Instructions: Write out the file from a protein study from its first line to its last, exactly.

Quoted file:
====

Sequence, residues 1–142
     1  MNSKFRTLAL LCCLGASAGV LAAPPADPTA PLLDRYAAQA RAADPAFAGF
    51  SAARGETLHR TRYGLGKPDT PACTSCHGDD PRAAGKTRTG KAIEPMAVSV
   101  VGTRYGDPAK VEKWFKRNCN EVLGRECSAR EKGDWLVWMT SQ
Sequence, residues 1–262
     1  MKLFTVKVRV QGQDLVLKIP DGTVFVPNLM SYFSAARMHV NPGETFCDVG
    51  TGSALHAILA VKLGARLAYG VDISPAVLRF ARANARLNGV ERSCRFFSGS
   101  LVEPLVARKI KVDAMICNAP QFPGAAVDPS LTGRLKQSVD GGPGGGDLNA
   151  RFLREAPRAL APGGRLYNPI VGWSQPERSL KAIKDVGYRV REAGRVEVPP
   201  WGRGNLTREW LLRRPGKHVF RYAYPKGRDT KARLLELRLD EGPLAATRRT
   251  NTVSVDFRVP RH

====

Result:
Sequence, residues 1–142
     1  MNSKFRTLAL LCCLGASAGV LAAPPADPTA PLLDRYAAQA RAADPAFAGF
    51  SAARGETLHR TRYGLGKPDT PACTSCHGDD PRAAGKTRTG KAIEPMAVSV
   101  VGTRYGDPAK VEKWFKRNCN EVLGRECSAR EKGDWLVWMT SQ
Sequence, residues 1–262
     1  MKLFTVKVRV QGQDLVLKIP DGTVFVPNLM SYFSAARMHV NPGETFCDVG
    51  TGSALHAILA VKLGARLAYG VDISPAVLRF ARANARLNGV ERSCRFFSGS
   101  LVEPLVARKI KVDAMICNAP QFPGAAVDPS LTGRLKQSVD GGPGGGDLNA
   151  RFLREAPRAL APGGRLYNPI VGWSQPERSL KAIKDVGYRV REAGRVEVPP
   201  WGRGNLTREW LLRRPGKHVF RYAYPKGRDT KARLLELRLD EGPLAATRRT
   251  NTVSVDFRVP RH